2 Years After Garment Factory Collapse, Are Workers Any Safer?
Beneath a gray sky, rainwater had collected in a hole in the ground where Rana Plaza once stood, creating a small, murky pond. Rubble and pieces of steel bars surrounded the edge of the water. It was hard to believe that this small lot, steps away from a busy main road, was once home to an eight-story building with thousands of garment workers.
The nondescript place did not look like the site of the world's worst garment factory disaster. Two years ago on April 24, Rana Plaza collapsed, killing more than 1,100 people and injuring 2,500.
Bangladesh hasn't forgotten that tragic day. Hundreds of people gathered at Rana Plaza on Friday morning. There were garment workers and people from labor unions and nongovernmental organizations. They held banners about remembrance and yelled into megaphones about workers' rights.
Relatives of garment workers who died at Rana Plaza were also there. They clutched photos of loved ones. One mother told me that it took rescuers 11 days to find the body of her 24-year-old daughter. She wiped her eyes with the edge of her shawl. The mother said she still comes to the Rana Plaza site every day.
One man held a photo of his dead wife while carrying their 4-year-old son. His 25-year-old wife had been working at Rana Plaza for just two months. Why did he come to Rana Plaza today? He explained that his child had asked about the anniversary and wanted to visit.
Two years after the tragedy, major efforts are underway to prevent another disaster like the one at Rana Plaza. More than 200 international clothing brands, such as H&M, Zara, Walmart and Gap, have pledged to make Bangladesh's factories safer.
About 2,700 out of 3,500 export factories in the country have been inspected under three big initiatives: Bangladesh Accord on Fire and Building Safety, Alliance for Bangladesh Worker Safety, and National Tripartite Plan on Fire Safety and Structural Integrity.
Now those factories must fix problems and comply with international standards. Otherwise they will be barred from working with the world's largest clothing buyers or from exporting their goods. And that would be an economic blow: After China, Bangladesh is the world's second-largest garment exporter.
But it's a huge task for factories in Bangladesh, where safety is an alien concept for everyone from managers to workers. Factories with resources are importing and installing fire doors, sprinklers, hydrant systems and other equipment. They are reinforcing concrete pillars, upgrading electrical systems, training workers in fire safety and more. Making a factory compliant can cost more than $1 million.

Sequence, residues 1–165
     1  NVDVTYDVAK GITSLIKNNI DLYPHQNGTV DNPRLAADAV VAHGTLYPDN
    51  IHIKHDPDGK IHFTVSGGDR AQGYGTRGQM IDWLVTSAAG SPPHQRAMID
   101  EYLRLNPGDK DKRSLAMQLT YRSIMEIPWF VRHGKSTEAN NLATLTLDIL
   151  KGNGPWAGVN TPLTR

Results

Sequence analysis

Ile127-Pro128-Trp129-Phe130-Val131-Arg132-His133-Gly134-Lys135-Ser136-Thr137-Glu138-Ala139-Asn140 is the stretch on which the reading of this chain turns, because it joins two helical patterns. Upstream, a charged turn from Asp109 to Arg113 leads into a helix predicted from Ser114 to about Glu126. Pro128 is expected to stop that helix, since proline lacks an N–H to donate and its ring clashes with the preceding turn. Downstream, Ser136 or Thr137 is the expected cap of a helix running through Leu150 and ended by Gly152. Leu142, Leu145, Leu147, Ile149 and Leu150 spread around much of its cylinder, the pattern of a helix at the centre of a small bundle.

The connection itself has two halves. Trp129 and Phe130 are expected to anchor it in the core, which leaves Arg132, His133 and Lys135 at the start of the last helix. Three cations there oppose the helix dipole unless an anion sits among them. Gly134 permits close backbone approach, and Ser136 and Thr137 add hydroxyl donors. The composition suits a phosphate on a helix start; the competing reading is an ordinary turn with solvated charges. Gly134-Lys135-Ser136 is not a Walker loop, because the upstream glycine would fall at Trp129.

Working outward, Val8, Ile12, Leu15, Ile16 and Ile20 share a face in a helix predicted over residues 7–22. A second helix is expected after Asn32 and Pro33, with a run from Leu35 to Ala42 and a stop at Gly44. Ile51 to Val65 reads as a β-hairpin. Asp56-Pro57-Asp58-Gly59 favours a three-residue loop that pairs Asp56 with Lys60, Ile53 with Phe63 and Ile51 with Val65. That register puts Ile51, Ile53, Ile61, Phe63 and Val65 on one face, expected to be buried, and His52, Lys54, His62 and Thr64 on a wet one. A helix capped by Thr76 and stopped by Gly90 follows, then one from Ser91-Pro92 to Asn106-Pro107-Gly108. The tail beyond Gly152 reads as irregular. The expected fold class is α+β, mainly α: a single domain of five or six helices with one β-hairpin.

Other factories are resisting change and ignoring problems. Some owners might not understand how to fix things, but some just don't want to pay for an overhaul. And smaller factories are struggling to pay for upgrades. Bangladesh's main garment industry association wants low-interest loans to help.
Improving workplace safety is, of course, critical. So is strengthening workers' rights. The government, the International Labor Organization and others are laying the groundwork to give garment workers a voice. Factories must soon allow new worker safety committees to uphold new standards. How they will be elected is under hot debate.
And more garment workers are joining fledgling labor unions. There are 200 active unions today, compared to seven active ones in 2010. They represent hundreds of thousands of workers.
Despite efforts, problems persist. There have been reports of workers being threatened or beaten for joining unions, though they are a minority of union members. And fires are still injuring workers by the hundreds. Since November 24, 2012, when at least 117 people died in a factory fire at Tazreen Fashions in Dhaka, 31 more people have died and some 900 people have been injured in factory fires.
There is still a long way to go. And big questions remain about how Bangladesh will enforce new rules and how to make safety standards last.
When I visited Rana Plaza Friday morning, amid blaring megaphones and dense crowds, families of victims jostled around me. They extended photos — from laminated portraits to small passport photos — of sons and daughters, wives and husbands. A silver-bearded man laid a photo of a young woman on a tower of marigolds. Then he moved a rose closer to her image.
This story was produced in partnership with the McGraw Center for Business Journalism at the CUNY Graduate School of Journalism.
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